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Frost-seed clovers now for soil health, nitrogen benefits

Clovers can also be cut as forage but avoid a pure sweet clover diet for your livestock.

March 2, 2020

3 Min Read
red clover plant up close
VERSATILE CROP: Frost-seeding red or sweet clover now will provide a nitrogen-fixing crop for the following year. It can also be cut as a forage. Images

Frost-seeding clovers into a standing small grain crop is a method of relay cropping, where you make great use of the growing season by starting a new crop before the previous one is harvested.

While broadcasting is not the most fool-proof method of establishment, it’s one of the methods that most frequently results in success.

Right now it’s cold and the soil is moist, so the seedlings are less likely to dry out. Freeze-thaw action helps improve seed-to-soil contact.

Clovers are small, round and relatively heavy seeds that drop through the small grain canopy to reach the soil. They are great soil-improving crops that have taproots and can fix atmospheric nitrogen for the next crop. Clovers can also be harvested as forage.

Red clover and sweet clover are best suited for frost-seeding. They are both cold tolerant, so they will not be killed by frost. Red clover is a short-lived perennial while sweet clover is a biennial. Red clover is a well-known forage, while sweet clover is known as a soil improver due to its massive taproot that can create large pore spaces in the soil.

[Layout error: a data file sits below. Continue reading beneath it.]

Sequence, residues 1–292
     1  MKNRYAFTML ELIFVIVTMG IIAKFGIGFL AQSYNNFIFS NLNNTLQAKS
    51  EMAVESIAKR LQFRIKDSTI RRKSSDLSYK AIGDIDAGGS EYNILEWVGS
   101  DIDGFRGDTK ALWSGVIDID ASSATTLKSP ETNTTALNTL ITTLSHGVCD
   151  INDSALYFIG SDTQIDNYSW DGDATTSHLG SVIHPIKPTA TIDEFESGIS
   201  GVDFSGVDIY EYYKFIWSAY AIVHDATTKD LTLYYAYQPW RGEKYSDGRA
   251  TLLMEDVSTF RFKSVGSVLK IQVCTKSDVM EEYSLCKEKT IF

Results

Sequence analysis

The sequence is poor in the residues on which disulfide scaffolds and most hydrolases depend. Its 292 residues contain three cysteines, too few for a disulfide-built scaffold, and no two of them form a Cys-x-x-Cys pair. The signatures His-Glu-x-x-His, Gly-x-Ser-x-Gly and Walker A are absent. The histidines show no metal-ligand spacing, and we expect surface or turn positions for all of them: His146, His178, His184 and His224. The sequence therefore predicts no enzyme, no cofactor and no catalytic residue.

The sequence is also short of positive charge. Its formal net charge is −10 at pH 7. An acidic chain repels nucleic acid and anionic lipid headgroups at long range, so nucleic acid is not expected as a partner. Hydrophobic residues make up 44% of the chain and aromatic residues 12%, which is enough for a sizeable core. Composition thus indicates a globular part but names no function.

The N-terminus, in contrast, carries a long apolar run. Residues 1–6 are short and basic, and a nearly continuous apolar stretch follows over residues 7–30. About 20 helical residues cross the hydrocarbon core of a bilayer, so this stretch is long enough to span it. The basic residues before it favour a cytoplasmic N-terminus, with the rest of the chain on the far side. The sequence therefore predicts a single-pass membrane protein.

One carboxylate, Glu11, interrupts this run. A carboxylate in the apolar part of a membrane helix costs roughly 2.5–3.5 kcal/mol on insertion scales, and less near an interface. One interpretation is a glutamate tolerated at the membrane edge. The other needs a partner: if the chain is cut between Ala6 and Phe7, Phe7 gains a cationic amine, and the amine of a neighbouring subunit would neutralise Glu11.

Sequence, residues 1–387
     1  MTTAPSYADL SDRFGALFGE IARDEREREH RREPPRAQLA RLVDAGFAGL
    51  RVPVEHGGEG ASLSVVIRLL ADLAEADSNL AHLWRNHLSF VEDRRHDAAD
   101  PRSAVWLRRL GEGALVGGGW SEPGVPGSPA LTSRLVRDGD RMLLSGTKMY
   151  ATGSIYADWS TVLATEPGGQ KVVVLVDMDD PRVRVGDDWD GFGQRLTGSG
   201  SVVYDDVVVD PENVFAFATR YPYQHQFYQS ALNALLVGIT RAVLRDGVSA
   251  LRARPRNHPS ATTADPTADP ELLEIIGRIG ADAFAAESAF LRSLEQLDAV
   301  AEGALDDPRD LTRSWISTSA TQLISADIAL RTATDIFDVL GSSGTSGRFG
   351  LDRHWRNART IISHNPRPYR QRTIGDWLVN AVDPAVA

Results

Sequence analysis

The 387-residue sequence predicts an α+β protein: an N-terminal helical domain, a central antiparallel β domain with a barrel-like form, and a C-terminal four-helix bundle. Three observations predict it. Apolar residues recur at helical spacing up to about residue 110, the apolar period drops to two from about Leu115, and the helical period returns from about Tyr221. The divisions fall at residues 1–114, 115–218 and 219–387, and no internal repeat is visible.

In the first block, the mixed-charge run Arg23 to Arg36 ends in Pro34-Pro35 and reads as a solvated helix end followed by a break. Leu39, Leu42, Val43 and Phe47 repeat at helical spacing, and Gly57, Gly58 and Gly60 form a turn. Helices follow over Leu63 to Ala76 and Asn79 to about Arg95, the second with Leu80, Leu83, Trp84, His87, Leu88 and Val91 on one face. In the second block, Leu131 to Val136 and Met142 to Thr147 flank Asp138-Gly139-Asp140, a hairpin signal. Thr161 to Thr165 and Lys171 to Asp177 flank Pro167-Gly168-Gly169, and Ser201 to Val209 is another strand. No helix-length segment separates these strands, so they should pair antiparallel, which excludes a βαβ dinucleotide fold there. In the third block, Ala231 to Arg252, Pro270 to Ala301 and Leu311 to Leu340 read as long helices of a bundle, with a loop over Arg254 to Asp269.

Be careful feeding sweet clover

While red clover is known as an excellent forage, caution needs to be paid when using sweet clover as forage because of its coumarin content.

Coumarin is a blood-thinning, anti-fungicidal and anti-tumor compound found in sweet clover, strawberries, lavender and cherries, among others. Therefore, it is important to avoid a pure diet of sweet clover for your animals. When mixed with other forages, it is not a problem to use sweet clover as a forage.


Use between 10 to 15 pounds an acre of clover seed when broadcasting.

Make sure the seed has been inoculated with clover rhizobium (for red clover) or alfalfa rhizobium (for sweet clover) if clover or alfalfa has not been grown in the field for a while. Make sure you spread the seeds evenly using a cyclone spreader, spinner spreader or drop box. It is not recommended to spread on snow because the seeds can be carried away when the snow melt runs off.

Since the soil is very moist right now it is advisable to spread the seed early in the morning when the top of the soil is frozen to avoid soil compaction. When you notice that the soil is thawing, get out of the field immediately so you don’t damage the soil.

Do not use herbicides to control weeds in your small grain after frost-seeding clover. Although rarely a problem, you may have to lift the combine head a tad to avoid getting a lot of clover into your small grain straw at harvest. After small grain harvest you should have a nice stand of clover in the field.

Monitor the clover stand in June. If you see a lot of weeds coming up, then it is then recommended to mow the clover in July to avoid weeds from setting seed. Mowing is advisable anyway to make the clover branch out more. If all goes well, you may harvest clover in the fall for haylage, or you can just let it go and terminate it the next year prior to a nitrogen-demanding summer crop like corn, sorghum or sudangrass.

Yield booster

The nitrogen fertilizer value of clover is typically 80 pounds of nitrogen an acre for the next year’s crop.

Our research has also shown a typical yield boost of 20 bushels an acre in corn grain above and beyond the nitrogen value due to the soil improvement obtained by the clover.

Duiker is a professor of soil management and applied soil physics with the Penn State College of Agricultural Sciences.

Source: Penn State Cooperative Extension, which is solely responsible for the information provided and is wholly owned by the source. Informa Business Media and all its subsidiaries are not responsible for any of the content contained in this information asset.

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